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The need for ventilation holes in children's dummies.
  1. M J Williams
  1. Hull Royal Infirmary, U.K.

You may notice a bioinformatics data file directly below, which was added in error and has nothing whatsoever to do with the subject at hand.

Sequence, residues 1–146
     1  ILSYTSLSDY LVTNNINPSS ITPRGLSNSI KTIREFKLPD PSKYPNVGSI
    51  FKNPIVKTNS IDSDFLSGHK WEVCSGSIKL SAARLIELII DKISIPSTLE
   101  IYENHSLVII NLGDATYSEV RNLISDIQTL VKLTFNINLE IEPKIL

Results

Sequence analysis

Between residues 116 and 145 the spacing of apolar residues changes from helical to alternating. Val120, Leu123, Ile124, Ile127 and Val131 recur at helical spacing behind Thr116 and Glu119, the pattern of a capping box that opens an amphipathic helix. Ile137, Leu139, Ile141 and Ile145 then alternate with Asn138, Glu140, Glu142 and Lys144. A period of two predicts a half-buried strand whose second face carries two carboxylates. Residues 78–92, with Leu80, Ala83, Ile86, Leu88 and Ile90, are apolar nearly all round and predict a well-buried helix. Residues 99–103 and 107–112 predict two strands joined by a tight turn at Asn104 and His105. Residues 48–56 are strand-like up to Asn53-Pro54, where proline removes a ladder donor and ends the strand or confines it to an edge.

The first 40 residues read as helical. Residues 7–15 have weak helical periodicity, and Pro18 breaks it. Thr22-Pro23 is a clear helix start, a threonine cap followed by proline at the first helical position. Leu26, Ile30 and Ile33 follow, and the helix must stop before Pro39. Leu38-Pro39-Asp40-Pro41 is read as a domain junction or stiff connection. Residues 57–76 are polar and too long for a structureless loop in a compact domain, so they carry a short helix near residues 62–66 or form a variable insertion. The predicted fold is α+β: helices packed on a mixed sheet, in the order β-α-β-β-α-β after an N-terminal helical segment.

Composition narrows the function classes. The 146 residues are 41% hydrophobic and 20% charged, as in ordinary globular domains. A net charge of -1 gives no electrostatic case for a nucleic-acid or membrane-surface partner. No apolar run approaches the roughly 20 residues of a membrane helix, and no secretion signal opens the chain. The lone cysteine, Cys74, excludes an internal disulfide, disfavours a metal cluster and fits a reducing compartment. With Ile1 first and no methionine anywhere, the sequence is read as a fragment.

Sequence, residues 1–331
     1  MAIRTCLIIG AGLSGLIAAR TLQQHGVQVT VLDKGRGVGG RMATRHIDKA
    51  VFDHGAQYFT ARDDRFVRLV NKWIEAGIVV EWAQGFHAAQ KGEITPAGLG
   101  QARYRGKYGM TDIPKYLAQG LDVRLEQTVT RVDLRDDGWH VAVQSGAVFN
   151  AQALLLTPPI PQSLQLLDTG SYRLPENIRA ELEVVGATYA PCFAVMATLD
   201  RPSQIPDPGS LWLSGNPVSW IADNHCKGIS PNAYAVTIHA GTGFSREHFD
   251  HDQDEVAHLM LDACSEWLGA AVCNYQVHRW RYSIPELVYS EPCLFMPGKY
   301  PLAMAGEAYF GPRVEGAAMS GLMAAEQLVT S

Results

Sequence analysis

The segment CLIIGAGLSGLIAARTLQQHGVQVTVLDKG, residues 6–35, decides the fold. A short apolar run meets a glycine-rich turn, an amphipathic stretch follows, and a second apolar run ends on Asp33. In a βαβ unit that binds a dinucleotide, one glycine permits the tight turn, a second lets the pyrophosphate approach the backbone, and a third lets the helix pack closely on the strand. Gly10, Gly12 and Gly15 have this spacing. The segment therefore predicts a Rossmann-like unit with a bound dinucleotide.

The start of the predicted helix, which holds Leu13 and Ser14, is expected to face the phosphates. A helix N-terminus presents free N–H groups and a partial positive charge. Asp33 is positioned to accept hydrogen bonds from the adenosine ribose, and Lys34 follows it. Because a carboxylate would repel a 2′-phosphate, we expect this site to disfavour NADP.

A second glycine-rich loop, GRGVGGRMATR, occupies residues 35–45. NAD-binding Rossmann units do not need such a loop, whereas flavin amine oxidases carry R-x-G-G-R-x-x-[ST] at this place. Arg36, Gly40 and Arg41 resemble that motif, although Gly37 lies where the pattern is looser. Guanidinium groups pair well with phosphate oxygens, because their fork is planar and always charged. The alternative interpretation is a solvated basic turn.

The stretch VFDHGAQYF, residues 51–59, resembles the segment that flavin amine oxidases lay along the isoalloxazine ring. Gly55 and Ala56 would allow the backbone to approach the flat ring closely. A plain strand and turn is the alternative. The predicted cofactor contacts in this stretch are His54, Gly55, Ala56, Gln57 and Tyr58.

A 2-year-old child was brought into the Accident Department with a history that he had swallowed his dummy. There were no direct witnesses to the injury. The child had come up to its mother salivating and pointing to its mouth. The initial incident happened approximately 20 min prior to presentation at the Accident Department after a 999 call. Attempts at digital removal of the dummy by ambulancemen had failed. The child was pink and quiet but responding to commands and cooperative. He had a small abrasion to his forehead presumably due to his initial fall when his dummy was forced into his mouth. The teat of the dummy was clearly visible in the pharynx. The child was able to breathe by virtue of the two air holes in the flange piece of the dummy.

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